Hmmm. Some people may not know what ground work is. Not working in the yard or the garden, or even cleaning up the piles.
I've been doing hands on work with the horses. Trimming bridle paths and touching ears. Picking up all those feet and picking out the dirt, and putting on the Copper Tox if I smell thrush. Not many horses have it, but cleaning the feet often is part of them being healthy.
Another ground work item is just simply leading and stopping...especially by the mounting block. Lots of horses don't like to just stop and stand there while someone steps up on the block. Even a side step away isn't good. Lots of practice here for sure.
Everything done around a horse is either training or spoiling.
I found a good quote today in "The Power of the Herd" by Linda Kohanov. Here's part of the paragraph and the quote: Horses demand a balance of strength and sensitivity. If you have too much predator in you, they'll become evasive. If you don't engage enough assertiveness, they'll treat you like a plaything. As nineteenth-century trainer Dennis Magner observed, working with horses requires "the delicacy of touch and feeling of a woman, the eye of an eagle, the courage of a lion, and the hang-on pluck of a bull-dog."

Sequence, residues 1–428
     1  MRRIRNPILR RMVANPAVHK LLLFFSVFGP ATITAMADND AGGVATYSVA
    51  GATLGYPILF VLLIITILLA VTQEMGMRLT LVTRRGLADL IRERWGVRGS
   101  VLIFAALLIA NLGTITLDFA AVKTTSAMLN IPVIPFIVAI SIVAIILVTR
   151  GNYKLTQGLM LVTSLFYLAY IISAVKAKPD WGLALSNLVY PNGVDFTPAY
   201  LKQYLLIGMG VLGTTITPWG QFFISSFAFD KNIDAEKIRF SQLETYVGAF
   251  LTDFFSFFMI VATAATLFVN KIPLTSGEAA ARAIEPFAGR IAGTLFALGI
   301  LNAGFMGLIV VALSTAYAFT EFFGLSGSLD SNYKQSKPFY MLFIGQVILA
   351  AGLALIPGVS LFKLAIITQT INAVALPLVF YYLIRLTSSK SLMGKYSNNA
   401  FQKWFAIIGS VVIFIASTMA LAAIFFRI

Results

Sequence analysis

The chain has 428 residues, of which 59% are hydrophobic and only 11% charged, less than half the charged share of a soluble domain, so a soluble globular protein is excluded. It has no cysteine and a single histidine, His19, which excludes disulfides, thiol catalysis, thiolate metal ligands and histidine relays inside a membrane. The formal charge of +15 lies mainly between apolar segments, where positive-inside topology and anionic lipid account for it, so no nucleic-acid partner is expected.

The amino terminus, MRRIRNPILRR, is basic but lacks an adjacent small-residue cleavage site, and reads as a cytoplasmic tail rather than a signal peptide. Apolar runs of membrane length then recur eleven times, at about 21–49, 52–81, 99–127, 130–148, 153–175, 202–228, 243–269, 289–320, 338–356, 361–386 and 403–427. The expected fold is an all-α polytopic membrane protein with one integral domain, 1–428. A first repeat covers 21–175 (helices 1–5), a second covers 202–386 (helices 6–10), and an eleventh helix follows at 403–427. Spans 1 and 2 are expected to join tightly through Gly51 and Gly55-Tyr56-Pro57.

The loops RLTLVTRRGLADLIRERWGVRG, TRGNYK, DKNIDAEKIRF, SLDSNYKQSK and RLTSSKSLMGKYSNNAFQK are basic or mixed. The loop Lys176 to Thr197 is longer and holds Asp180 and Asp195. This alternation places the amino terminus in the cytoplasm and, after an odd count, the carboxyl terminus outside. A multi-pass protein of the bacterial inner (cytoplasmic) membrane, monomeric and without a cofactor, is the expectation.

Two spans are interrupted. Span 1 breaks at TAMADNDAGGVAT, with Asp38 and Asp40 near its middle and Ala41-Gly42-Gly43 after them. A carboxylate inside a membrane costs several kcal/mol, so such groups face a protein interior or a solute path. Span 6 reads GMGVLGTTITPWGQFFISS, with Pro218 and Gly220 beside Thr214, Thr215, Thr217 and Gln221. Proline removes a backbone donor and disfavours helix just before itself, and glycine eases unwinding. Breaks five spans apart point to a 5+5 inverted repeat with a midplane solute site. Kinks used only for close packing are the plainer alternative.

I'll work on putting more horsey stuff on this bog. Summer camp is less than a month away. Whew!
Crochet? Just making gifts for Christmas ...and baby gifts.
Writing? Doing a prayer letter and need to get a 4 minute radio spot ready to record at camp on Friday while Nate is in the board meeting. I'll be up in the radio room working with Audacity.
Drawing? Kind of lax lately with the pencil, but not with my eye. :)
Nate bought me a drawing book for my birthday last February. It's called "Paint Watercolors that Dance with Light" by Elizabeth Kincaid.
Here's what she wrote on page 18: "Leo Smith, a wonderful artist and teacher from Texas, used to tell a great story about one of his workshops. During a break, he took some time to rest in a sunny courtyard. One of his students happened to look out the window and was struck by the odd sight his teacher posed, just sitting, spending a long time apparently doing nothing but studying his own shoes. When Leo returned to his class and the student asked him what he had been doing, Leo explained that he was mentally drawing his shoes and that this is an essential habit for every artist to get into. Until you learn to spend a lot of time drawing the world around you without making a mark, he said, you'll be unprepared for the reality of a pencil in your hand."
So if you find me just sitting on a horse around camp staring off into space. I just may be working on my art. :) Could this be ground work too? :)